Tuesday, January 26, 2010

FINAL UPDATE at 1:18 AM EST -- 3:32 PM Korean Time

A bit of clarification and scope -- it appears that North Korea fired approximately 30 heavy artillery shells into the region around the NLL. They have also banned all maritime activity on their western coast. South Korea responded by firing 100 "warning shots" into the region.

UPDATE at 11:32 PM EST -- 1:32 PM Korean Time
As of now, it appears that there is all quiet in the NLL (northern limit line) in the Western Sea Zone. However, today's salvos of heavy artillery into the region are the most recent escalation involving the contested maritime border between North and South Korea. Here is the relevant timeline:

March 29, 2009 -- North Korea Declares 2 "No Sail/No Fly" Zones in the long-contested Western sea border between North and South Korea

November 10, 2009 -- A South Korean Patrol Ship opened fire on a North Korean naval vessel that had crossed the NLL (northern limit line), exchanging fire with that vessel, killing one North Korean sailor, wounding 3.

November 16, 2009 -- South Korea evacuates naval ships from the Western sea after detecting signs that North Korea had activated radar for surface to ship missiles deployed on the Ongjin Peninsula, Hwanghai Province, and had painted South Korean ships.

December 22, 2009 -- North Korea declared a "peacetime firing zone" along both sides of the NLL, to counter "the reckless military provocative manoeuvres by the warmongers in the South Korean military." warning of the deployment of both land based artillery and land to sea missiles.

January 25, 2010 -- North Korea unilaterally announced a shipping ban on both sides of the NLL, specifically in the region of east of the island of Baeknyeong and and west of the island of Daechyong, both locations of South Korean Naval and Marine Bases.

TODAY -- North Korea opened fire with land based artillery into the contested maritime border region, an action that was met with retaliatory "warning shots" fired by South Korean forces.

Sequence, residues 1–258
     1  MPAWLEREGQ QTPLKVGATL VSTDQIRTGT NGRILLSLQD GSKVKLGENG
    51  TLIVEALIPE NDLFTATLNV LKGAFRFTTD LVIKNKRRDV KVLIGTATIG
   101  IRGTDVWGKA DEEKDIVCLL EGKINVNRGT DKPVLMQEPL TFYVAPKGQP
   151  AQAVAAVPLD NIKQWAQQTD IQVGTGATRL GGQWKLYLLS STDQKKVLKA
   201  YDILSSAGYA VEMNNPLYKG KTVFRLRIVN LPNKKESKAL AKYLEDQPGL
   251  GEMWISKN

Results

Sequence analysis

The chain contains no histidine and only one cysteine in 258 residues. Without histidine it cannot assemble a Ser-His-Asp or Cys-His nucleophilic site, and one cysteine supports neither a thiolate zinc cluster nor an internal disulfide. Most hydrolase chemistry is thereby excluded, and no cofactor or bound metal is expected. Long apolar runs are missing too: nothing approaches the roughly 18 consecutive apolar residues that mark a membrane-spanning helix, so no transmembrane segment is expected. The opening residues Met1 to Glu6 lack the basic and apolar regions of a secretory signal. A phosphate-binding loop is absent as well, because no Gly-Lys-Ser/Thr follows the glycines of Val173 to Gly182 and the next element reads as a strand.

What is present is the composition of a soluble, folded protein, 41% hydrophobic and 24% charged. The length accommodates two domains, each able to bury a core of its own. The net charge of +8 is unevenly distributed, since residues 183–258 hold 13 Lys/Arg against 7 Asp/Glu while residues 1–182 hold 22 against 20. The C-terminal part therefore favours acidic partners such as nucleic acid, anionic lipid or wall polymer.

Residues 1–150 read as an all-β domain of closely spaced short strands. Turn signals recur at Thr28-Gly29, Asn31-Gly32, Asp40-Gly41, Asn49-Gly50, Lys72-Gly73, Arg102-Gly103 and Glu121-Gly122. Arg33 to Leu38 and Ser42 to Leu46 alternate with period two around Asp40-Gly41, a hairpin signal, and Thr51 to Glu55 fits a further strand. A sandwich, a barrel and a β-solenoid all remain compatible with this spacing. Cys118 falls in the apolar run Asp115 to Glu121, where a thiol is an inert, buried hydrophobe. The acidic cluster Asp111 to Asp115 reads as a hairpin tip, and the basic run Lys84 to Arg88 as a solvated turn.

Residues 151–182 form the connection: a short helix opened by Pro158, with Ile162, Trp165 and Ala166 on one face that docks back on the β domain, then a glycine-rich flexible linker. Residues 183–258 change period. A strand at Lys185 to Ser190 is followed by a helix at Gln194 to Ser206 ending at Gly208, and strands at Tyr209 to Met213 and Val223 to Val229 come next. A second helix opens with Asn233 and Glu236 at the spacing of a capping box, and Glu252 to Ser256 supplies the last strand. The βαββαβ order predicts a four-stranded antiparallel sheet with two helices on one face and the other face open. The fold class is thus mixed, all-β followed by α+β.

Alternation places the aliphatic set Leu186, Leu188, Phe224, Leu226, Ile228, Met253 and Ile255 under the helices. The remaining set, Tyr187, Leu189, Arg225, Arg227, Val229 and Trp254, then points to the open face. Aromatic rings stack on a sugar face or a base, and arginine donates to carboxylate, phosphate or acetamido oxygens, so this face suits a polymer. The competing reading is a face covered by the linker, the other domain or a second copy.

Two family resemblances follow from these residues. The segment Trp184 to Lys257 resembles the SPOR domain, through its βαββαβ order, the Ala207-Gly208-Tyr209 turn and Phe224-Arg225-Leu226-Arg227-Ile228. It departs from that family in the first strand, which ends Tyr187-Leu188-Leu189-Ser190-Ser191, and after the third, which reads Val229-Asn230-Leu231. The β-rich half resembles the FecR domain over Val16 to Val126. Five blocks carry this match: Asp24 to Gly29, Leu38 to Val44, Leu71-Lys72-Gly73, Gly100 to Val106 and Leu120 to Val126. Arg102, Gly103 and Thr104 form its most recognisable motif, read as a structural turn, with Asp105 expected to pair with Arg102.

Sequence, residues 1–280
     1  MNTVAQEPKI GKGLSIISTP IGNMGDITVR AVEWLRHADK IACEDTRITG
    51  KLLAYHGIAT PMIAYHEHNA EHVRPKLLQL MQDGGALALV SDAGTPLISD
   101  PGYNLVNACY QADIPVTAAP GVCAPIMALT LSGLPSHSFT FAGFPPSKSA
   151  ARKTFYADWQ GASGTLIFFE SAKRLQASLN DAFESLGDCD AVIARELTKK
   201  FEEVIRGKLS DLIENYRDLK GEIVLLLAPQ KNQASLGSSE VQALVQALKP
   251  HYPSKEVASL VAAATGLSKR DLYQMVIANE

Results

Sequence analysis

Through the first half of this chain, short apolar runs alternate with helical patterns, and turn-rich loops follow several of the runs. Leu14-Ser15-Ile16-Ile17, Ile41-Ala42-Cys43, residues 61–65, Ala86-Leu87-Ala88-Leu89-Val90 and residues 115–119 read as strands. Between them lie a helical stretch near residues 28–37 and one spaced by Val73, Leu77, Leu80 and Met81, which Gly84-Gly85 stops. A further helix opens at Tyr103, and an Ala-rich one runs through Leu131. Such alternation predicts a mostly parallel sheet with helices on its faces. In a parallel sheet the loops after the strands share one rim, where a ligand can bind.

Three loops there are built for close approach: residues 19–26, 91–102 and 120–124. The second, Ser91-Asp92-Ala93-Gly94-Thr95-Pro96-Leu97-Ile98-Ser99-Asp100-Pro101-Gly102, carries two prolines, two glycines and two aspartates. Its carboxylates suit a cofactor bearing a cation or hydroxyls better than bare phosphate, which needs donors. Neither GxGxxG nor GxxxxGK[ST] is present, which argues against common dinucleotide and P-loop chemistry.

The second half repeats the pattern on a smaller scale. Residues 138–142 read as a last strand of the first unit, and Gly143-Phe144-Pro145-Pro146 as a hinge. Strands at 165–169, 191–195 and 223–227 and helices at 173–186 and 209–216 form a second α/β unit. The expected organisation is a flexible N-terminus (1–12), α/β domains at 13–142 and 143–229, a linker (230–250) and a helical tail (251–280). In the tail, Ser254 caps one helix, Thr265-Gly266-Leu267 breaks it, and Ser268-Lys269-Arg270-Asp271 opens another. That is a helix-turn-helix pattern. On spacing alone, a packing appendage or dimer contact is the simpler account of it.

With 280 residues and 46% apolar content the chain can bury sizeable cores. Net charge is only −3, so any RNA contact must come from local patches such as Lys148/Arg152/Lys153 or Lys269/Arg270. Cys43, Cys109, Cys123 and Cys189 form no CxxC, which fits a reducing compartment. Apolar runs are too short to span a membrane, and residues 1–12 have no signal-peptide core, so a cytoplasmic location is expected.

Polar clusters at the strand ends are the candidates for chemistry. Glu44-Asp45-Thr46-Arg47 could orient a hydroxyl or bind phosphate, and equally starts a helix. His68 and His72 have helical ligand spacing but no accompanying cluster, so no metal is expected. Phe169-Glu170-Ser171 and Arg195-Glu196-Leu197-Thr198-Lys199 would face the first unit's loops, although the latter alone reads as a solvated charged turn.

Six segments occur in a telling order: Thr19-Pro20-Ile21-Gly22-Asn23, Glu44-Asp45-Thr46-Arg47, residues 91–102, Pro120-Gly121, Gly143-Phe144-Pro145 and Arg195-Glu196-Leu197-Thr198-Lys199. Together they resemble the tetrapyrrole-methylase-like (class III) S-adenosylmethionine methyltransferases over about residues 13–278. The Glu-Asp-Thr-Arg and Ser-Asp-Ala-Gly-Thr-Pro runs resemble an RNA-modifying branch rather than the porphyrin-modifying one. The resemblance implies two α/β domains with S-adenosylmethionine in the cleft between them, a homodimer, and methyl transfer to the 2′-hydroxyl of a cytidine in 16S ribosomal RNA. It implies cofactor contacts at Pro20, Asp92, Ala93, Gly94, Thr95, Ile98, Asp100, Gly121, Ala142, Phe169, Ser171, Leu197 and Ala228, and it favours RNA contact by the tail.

For D&D Snap Analysis of this new escalation of the Korean Maritime Crisis, read below!

UPDATE at 10:12 PM EST -- 12:12 PM Korean Time
As more news is rolling in, it appears that North Korea has fired multiple land based artillery rounds into the Western sea, a committal act that was met with South Korean retaliatory "warning shots" fired into the same maritime region. First reports from anonymous sources in the South Korean Defense Ministry are that there was no damage or casualties.

This event, coupled with the recent naval battle in the same region on the North/South Korean maritime border seems to suggest that North Korea has become increasingly sensitive about South Korean forces in the region, as both exchanges of fire have been instigated by North Korean forces reacting to South Korea's presence near the zone. On March 29, Pyongyang announced 2 "No Sail" zones in the Western sea, part of which included South Korean territorial waters -- suggesting that they may be preparing for possible missile tests in the area. Time will tell.

Check back soon for further news and analysis.

Previous Post Follows:
The AP and Yonhap News is reporting an exchange of heavy artillery fire between North and South Korean Forces along their disputed western sea border, the same region that witnessed the recent bloody gun battle between North and South Korean naval vessels.

The AP story can be found HERE

Check back soon for updates and analysis


Jeff Schneider said...

We here at D&D are monitoring this event very closely, and will be updating the blog as soon as more news comes in. This is a particularly worrying event as it may represent an escalation in the crisis in the western sea of both Koreas.

Chris said...

Can you provide some info on what exactly makes this different from the other times that the two Koreas have exchanged fire? Or is the DPRK regime so unpredictable that any exchange of fire could be the opening salvo of something more?

Jeff Schneider said...

Its a very valid point here Chris -- I suppose that its the pattern here that is most worrying. This is not an isolated incident, and it occurs in an area rife with a long history of conflict. The NLL is long contested, and those contests have often involed live munitions. However, there is a clear pattern of escalation, and I worry this may be setting the stage for possible further escalation with North Korean missile tests in the coming months.

Post a Comment

Share This! (the gift that keeps on giving)

Latest Analysis

Search This Blog